- Keep your WordPress version, Theme and Plugins up to date: The more often the code of your website changes, the more difficult it is for hackers to exploit effective “backdoors” which are eventually discovered and become common place for hackers. When you keep things up to date, your website’s code virtually becomes a moving target to hackers. Keeping your website code up to date is a good start to securing your WordPress website.
- Plugin ratings & reliability: Before you install and activate a plugin, make sure it has a good star rating and has lots of positive comments. Also check it is compatible and tested on the WordPress version you are running on. You’ll be surprised at how many plugins can be compromised (through bad coding or intentionally for malicious purposes). So only install trustworthy plugins. Some website hosting companies also keep a black list of plugins. Keep an eye out for these as they can take the legwork out when figuring out if a plugin is truly trustworthy.
- User passwords: Force privileged users to use strong passwords (especially your WordPress Site Administrator users). I recommend using passwordgerorator.net to create your passwords. Also the more frequently you change your passwords the better.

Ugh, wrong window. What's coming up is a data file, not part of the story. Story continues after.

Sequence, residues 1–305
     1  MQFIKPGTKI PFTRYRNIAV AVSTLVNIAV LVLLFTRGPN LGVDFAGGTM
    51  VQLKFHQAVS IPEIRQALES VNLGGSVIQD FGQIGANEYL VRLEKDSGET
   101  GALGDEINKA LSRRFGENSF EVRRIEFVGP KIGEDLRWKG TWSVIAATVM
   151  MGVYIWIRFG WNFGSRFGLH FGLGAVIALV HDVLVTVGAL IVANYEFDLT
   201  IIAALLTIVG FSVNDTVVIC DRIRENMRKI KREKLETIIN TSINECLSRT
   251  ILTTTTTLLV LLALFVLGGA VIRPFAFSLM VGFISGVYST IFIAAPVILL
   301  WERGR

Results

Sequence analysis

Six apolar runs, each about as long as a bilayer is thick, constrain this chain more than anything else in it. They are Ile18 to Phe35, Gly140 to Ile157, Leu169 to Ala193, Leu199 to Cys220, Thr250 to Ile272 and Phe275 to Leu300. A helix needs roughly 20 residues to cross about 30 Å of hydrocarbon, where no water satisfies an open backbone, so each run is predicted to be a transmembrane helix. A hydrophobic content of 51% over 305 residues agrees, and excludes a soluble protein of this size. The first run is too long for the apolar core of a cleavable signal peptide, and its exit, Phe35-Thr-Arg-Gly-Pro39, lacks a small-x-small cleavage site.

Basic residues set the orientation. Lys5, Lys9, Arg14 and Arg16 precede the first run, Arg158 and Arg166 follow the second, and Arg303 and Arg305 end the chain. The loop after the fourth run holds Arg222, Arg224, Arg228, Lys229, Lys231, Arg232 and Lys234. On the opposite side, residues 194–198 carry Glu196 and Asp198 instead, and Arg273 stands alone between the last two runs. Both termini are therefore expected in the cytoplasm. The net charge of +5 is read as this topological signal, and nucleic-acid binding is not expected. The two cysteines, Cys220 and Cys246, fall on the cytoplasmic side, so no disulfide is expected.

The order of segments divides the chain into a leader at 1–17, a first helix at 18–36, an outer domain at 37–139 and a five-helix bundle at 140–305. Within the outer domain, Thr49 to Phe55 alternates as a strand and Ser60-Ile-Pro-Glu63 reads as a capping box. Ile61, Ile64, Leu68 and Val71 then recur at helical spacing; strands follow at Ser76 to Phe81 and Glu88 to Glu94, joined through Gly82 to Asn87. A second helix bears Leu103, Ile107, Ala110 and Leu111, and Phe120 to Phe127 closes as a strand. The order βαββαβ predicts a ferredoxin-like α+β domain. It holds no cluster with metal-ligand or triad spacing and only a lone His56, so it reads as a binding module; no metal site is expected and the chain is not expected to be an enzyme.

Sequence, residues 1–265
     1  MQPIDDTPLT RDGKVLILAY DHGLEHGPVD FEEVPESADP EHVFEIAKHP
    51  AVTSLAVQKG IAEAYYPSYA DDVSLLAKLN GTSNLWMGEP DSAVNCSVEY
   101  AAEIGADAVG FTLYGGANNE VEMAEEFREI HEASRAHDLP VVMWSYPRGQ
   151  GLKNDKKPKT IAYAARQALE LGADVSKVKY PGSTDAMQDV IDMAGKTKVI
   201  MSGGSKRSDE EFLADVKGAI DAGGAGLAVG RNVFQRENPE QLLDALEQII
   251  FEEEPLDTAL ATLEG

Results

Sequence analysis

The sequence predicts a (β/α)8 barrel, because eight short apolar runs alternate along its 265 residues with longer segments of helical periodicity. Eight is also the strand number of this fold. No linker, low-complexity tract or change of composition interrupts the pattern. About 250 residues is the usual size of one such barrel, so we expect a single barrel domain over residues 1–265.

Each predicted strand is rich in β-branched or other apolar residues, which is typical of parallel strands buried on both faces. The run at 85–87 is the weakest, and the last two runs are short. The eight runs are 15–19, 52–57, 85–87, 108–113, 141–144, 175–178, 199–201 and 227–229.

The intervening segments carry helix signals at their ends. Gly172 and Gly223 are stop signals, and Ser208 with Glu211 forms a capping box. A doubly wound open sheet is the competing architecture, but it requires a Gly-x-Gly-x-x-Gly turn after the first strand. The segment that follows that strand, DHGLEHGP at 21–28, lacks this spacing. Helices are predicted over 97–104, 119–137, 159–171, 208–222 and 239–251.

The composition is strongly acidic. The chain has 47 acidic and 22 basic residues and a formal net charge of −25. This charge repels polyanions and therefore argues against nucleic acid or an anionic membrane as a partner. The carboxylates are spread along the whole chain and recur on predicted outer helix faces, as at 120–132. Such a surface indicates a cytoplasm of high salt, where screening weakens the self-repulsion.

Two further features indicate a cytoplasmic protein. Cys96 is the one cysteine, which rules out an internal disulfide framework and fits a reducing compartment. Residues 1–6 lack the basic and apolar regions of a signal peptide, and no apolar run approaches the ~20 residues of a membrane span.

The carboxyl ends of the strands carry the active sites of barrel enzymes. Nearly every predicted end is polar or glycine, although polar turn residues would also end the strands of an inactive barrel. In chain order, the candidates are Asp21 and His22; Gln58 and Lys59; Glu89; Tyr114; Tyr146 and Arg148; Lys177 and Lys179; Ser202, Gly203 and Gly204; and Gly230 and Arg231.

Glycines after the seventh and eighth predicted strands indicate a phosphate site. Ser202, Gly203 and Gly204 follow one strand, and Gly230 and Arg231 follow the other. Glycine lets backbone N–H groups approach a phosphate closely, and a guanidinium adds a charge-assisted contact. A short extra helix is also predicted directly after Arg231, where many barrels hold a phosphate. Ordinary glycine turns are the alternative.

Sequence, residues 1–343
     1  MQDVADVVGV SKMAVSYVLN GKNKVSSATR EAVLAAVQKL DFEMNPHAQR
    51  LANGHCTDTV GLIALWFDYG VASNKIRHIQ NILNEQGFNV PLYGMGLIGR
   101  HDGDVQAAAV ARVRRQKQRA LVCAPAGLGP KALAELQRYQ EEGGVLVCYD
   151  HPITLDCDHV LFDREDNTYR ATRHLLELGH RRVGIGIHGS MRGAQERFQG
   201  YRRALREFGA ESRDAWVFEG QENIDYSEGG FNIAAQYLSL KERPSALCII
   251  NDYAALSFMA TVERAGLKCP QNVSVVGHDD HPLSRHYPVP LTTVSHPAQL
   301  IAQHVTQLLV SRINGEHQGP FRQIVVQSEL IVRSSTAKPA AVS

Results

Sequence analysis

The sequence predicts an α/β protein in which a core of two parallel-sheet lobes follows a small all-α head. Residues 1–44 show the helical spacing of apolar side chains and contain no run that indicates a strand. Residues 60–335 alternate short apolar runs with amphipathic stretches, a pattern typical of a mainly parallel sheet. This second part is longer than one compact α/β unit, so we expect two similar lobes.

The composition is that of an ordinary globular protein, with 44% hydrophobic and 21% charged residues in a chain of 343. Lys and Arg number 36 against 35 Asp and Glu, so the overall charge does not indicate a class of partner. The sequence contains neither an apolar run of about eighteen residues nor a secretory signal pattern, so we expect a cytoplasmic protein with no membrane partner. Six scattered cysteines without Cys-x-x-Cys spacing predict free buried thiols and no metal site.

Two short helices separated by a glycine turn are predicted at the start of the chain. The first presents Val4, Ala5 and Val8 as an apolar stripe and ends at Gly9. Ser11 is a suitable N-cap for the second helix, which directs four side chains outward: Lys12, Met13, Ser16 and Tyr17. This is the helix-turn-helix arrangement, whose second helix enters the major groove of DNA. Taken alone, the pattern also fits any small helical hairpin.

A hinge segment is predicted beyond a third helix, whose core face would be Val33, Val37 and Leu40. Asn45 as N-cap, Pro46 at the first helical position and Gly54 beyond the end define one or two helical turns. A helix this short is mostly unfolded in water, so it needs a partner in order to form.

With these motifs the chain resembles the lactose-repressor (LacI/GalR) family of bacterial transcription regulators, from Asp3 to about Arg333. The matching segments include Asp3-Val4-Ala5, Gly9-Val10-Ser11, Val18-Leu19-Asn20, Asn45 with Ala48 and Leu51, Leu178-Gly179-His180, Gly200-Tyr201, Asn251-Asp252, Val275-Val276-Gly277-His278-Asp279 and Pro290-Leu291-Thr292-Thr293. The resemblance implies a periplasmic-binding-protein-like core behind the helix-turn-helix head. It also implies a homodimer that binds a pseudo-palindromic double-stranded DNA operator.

- Admin username: Don’t use the default [admin] username, change it or create a username that is a bit more difficult to guess. If you use the default admin account, hackers who know your website is a WordPress site, will always try and attempt logging in with that account. If the admin account does not exist, well then you are on to a winner already.
- Disable or Delete unused user accounts: No need keeping user accounts that are no longer in use, they give hackers more opportunity to compromise your website.
- Change the URL of the default WordPress logon page (…/wp-admin/): To logon to your WordPress website it is as easy as entering your website domain followed by /wp-admin (EG: http://go-cart.com.au/wp-admin). If you keep the default logon page, then hackers who know your site uses WordPress have access to your login page. They can then attempt logging on with different usernames and passwords until they get in. It could take them a while but you’ll also be surprised at how automated scripts can make light work of this task. Especially when you have weak passwords and use the default admin username. Change your WordPress logon page URL to something more difficult to guess.
- File Change scanner/monitor: Keep track of failed logon attempts, setup email/SMS notifications. Also monitor your website’s file changes. While some notifications can be annoying at times, at least you will be the first to know when someone or something is trying to hack your Website or Online Store.